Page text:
• $\begingroup$ OK, I will then write down my solution. It proves more (about a general class of convex functions), but not as much as your conjecture, which, I think, needs some further assumptions, something like "uniform strict convexity" for the functions you are considering. $\endgroup$ – Moishe Kohan May 4 '16 at 14:46
  • $\begingroup$ I agree. The answer which was deleted here showed, that there is not way for "just" strongly convex functions to get a statement I proposed in my question. However the functions in question are not "just" strongly convex but 2-convex. Meaning that the eigenvalues of the hessian are bounded below by 2, if the functions are differentiable. $\endgroup$ – Near May 4 '16 at 14:54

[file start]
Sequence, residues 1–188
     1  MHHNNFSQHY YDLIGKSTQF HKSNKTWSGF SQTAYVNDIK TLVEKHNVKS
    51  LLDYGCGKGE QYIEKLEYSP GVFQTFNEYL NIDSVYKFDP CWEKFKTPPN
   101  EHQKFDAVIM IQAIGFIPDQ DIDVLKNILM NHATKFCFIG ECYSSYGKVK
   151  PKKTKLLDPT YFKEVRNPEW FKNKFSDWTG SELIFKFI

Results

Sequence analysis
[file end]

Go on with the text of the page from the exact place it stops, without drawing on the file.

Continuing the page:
• $\begingroup$ @studiosus Strong convexity is "uniform strict convexity". $\endgroup$ – user147263 May 4 '16 at 22:59
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Here is a proof in the setting of complete simply connected Riemannian manifolds of nonpositive sectional curvature. The case of general CAT(0) spaces should be similar, but there are some technical details which make the discussion less pleasant in that case: One needs to smooth out convex functions of one variable (which can be done via convolution with standard mollifiers), one also has to address the issue that geodesics in general CAT(0) spaces are not extendible as well as discuss the 1-st and 2nd variation formulae for the lengths of geodesics in terms of Alexandrov angles (instead of Riemannian ones). Since the solution is already much longer than I would have liked, I will not pursue the general CAT(0) case.

Another remark is that the same proof with very minor modifications goes through if one puts some fixed probability measures on the finite sets in question and considers barycenters of these measures.